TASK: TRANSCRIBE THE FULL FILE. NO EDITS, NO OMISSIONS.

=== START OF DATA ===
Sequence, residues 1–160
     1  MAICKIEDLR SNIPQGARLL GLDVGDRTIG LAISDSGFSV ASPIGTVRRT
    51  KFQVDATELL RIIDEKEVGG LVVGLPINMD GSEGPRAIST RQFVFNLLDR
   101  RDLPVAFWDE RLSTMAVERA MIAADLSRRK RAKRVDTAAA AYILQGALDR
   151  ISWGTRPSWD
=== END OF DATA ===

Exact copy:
Sequence, residues 1–160
     1  MAICKIEDLR SNIPQGARLL GLDVGDRTIG LAISDSGFSV ASPIGTVRRT
    51  KFQVDATELL RIIDEKEVGG LVVGLPINMD GSEGPRAIST RQFVFNLLDR
   101  RDLPVAFWDE RLSTMAVERA MIAADLSRRK RAKRVDTAAA AYILQGALDR
   151  ISWGTRPSWD